SALT LAKE CITY — Online retail giant Amazon has committed to build a $200 million facility here.
FOX 13 first reported on Amazon's plans ahead of an announcement Thursday morning by the Utah Governor's Office of Economic Development. GOED's board voted to approve $5.7 million in economic incentives to lure the online company here.
"To have a company like Amazon, as big as they are, choose Utah for a fulfillment center is an amazing opportunity for us," Governor Gary Herbert told FOX 13 on Thursday.
The facility will be a regional fulfillment center for online orders, employing hundreds as it is being built and 130 full-time jobs when finished. Figures FOX 13 reviewed showed the facility is projected to generate $85 million in wages over eight years and $28 million in tax revenue.
"This is one of our flagship regional facilities," Teresa Lynch, an Amazon representative, told GOED's board. "And will employ hundreds and hundreds of people in the community."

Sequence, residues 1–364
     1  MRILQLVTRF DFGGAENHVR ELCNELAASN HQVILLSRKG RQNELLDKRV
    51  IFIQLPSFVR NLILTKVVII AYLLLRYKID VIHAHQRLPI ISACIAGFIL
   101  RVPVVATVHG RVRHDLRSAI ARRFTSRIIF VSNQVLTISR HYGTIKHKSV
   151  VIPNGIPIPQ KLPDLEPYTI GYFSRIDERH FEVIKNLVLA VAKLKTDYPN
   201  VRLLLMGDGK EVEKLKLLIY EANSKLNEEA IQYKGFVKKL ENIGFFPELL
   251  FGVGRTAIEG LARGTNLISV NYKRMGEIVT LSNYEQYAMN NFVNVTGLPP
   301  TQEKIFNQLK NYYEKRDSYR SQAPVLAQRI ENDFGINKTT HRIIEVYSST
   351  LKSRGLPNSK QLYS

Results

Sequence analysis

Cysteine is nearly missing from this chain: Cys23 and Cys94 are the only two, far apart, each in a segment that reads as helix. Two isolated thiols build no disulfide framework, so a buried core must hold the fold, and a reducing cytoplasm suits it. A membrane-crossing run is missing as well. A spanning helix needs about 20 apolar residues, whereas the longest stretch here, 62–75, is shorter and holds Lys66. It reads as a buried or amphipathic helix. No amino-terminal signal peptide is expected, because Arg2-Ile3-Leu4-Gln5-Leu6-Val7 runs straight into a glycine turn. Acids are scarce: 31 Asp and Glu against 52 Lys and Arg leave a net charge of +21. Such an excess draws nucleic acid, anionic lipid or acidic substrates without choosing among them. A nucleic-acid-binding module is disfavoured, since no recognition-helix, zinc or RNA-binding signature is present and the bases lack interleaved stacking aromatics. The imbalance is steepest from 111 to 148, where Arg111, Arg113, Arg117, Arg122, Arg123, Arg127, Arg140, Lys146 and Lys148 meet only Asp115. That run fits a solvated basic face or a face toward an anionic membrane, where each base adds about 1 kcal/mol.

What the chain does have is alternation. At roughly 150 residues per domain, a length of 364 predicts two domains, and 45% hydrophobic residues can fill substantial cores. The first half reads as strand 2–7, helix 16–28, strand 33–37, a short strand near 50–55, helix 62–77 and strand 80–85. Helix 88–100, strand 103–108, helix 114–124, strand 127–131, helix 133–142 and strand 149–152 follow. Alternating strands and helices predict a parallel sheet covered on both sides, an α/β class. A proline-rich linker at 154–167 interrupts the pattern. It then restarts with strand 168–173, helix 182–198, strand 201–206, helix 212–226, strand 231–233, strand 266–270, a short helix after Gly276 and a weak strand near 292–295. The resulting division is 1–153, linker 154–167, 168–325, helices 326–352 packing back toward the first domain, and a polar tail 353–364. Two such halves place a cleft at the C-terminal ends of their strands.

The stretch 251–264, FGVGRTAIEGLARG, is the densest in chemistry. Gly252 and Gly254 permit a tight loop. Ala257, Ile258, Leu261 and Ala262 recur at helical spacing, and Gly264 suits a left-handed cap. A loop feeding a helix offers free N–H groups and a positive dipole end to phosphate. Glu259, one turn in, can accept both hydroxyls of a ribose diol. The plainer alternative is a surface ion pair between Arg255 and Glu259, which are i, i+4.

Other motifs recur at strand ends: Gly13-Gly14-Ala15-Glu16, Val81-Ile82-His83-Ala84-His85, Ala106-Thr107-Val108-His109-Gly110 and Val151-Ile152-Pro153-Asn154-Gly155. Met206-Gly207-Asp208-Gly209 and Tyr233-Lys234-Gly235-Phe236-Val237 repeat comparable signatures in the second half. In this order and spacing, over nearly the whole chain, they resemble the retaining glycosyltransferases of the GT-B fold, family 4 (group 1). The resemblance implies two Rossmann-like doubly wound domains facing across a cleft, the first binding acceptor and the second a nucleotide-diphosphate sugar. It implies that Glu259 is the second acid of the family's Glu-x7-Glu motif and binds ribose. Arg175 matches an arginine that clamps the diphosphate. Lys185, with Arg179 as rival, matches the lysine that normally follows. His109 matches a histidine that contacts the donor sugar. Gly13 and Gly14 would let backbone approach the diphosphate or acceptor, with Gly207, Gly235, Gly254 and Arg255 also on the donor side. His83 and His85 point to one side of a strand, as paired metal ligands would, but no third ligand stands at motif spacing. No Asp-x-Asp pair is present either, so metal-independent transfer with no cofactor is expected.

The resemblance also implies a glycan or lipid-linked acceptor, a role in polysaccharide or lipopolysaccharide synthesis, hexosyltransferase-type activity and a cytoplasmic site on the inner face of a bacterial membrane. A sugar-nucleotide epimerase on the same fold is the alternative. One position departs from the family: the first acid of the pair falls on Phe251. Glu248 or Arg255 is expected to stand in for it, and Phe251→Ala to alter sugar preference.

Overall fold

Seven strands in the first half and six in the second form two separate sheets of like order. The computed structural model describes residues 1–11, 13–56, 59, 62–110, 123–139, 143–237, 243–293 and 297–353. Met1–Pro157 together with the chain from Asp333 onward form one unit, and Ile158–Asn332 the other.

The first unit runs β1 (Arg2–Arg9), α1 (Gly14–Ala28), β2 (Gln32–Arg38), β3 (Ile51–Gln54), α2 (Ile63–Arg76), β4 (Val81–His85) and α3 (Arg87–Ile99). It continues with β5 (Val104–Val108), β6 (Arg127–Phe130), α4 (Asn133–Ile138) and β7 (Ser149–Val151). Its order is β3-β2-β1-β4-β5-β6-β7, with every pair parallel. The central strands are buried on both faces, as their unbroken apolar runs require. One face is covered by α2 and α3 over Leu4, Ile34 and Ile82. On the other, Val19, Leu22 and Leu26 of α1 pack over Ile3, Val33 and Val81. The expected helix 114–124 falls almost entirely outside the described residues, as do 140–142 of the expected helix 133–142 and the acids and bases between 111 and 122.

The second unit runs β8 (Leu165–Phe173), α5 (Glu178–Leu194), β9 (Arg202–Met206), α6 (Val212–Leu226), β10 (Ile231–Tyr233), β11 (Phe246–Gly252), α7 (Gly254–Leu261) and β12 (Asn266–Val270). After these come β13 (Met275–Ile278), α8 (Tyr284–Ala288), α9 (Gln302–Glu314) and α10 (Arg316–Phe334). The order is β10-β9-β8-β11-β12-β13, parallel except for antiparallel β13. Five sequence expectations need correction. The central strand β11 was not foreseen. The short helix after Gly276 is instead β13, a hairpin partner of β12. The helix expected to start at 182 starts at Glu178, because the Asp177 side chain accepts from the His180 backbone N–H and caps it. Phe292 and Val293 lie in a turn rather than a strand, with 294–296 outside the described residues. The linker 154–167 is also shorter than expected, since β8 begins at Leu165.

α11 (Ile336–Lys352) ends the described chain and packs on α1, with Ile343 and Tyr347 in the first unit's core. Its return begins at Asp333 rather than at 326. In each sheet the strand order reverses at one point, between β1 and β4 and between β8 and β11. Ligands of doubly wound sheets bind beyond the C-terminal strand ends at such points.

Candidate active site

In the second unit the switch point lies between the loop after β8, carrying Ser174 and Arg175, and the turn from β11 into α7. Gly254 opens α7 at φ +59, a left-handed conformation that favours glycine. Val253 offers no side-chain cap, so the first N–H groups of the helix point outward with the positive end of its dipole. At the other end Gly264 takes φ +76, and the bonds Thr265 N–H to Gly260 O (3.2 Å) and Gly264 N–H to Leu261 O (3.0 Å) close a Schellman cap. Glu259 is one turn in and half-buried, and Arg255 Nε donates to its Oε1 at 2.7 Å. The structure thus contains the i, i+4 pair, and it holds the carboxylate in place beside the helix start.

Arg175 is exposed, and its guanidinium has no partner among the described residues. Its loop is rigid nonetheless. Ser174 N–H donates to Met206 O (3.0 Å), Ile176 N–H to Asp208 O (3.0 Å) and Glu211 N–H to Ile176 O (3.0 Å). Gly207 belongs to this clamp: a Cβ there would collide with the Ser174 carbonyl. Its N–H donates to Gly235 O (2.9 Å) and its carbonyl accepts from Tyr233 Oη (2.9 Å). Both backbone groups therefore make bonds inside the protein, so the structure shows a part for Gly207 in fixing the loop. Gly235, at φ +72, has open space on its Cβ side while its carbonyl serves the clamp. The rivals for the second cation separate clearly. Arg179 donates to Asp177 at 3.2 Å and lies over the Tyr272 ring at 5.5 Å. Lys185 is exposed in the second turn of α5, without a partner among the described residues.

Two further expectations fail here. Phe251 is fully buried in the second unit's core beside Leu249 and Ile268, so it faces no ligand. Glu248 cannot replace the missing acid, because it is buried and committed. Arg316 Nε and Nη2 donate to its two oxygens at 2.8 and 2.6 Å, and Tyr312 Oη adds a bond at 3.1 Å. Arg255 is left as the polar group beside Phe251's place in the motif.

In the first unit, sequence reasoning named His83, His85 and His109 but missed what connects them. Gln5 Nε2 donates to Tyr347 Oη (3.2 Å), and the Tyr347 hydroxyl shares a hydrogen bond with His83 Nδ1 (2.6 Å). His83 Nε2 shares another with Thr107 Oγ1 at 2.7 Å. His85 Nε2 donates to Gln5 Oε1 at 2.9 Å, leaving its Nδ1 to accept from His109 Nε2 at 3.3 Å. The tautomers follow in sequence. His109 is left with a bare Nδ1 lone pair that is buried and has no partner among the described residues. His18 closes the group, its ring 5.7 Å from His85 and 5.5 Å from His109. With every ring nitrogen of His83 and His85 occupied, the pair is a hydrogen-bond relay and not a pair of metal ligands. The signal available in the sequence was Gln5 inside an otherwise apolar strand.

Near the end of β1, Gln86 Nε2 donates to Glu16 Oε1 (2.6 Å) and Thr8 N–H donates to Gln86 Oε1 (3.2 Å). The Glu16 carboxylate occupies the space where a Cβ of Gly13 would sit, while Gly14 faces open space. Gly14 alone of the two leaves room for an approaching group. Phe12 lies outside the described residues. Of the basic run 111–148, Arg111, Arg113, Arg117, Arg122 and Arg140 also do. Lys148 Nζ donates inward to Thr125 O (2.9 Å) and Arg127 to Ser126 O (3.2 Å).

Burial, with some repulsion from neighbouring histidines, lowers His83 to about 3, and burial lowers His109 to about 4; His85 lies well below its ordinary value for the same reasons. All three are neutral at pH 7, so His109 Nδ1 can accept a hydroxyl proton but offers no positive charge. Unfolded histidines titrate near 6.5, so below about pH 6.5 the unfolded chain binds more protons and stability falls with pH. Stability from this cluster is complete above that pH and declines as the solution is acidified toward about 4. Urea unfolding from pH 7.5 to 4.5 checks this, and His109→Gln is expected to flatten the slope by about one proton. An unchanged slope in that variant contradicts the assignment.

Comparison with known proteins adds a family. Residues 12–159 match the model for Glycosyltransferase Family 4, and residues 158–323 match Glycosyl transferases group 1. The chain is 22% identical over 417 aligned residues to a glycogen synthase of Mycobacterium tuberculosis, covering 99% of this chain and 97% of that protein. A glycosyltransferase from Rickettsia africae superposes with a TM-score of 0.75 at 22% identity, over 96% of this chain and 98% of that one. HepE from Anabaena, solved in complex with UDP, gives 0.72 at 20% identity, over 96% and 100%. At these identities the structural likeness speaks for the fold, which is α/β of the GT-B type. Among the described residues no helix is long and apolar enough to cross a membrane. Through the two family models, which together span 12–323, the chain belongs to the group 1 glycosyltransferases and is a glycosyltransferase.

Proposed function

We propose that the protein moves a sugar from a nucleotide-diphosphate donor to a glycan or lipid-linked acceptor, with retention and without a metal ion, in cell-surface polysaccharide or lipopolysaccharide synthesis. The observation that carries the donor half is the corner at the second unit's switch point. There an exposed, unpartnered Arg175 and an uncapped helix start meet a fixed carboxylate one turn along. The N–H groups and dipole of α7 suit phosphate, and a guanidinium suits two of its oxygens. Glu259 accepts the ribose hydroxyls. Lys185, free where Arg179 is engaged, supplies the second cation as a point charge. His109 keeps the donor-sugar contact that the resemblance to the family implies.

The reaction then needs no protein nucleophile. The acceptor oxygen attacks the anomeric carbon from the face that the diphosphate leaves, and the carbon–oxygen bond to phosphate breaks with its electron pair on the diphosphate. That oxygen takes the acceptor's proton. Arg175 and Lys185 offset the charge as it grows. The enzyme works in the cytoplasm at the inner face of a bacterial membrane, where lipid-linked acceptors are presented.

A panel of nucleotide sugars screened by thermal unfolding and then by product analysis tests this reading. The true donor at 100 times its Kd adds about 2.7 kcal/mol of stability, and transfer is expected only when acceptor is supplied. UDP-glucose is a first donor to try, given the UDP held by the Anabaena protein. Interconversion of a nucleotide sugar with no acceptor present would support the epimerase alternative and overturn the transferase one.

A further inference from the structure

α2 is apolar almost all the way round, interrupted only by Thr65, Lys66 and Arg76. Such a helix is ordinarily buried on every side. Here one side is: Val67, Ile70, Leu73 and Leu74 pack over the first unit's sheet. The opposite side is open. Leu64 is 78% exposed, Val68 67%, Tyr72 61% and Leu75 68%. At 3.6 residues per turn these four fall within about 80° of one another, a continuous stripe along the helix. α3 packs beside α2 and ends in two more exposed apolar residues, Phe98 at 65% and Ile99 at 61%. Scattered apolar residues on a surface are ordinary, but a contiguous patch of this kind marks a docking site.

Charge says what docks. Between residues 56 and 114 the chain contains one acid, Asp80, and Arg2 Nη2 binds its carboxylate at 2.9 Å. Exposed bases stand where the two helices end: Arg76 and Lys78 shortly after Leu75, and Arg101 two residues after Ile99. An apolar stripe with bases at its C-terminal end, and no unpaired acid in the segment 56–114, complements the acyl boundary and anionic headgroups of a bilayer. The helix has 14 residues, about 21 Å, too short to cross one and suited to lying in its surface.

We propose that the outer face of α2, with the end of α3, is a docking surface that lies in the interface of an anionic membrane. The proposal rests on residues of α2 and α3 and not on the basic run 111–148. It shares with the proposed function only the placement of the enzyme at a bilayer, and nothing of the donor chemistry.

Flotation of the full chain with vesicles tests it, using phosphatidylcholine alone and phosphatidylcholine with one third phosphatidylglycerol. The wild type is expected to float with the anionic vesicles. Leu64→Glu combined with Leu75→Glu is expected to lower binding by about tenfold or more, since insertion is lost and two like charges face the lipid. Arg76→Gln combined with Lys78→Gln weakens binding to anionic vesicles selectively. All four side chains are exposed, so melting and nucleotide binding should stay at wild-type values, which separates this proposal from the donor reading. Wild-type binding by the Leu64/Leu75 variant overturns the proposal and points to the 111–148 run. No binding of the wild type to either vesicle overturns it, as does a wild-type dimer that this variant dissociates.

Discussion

The 800,000 square foot facility is likely to be built in Salt Lake City's northwest quadrant, an area Mayor Jackie Biskupski has been pushing for future economic expansion. Governor Herbert credited her with helping to lure the company to the state.
"The mayor put on her best come to Salt Lake City smile," he joked.
"It's pretty!" the mayor quipped.
"It worked!" the governor said.
The $5.7 million in incentives for Amazon are post-performance, meaning Amazon must show success with its project over eight years in order to get the money. It would be about 20% of new state revenue for eight years.
Amazon's announcement is not tied to a deal the state struck last year with the company to collect online sales tax, said Sen. Wayne Harper, R-Taylorsville.
"It was not part of any of the discussions going forward to have them collect sales tax. That was handled separately," he told FOX 13.
Harper is planning to resurrect his bill that would require online retailers to collect sales tax if they do business in Utah. The controversial bill has been consistently defeated on Utah's Capitol Hill by tax groups who argue that online sales tax collection should be handled on a federal level.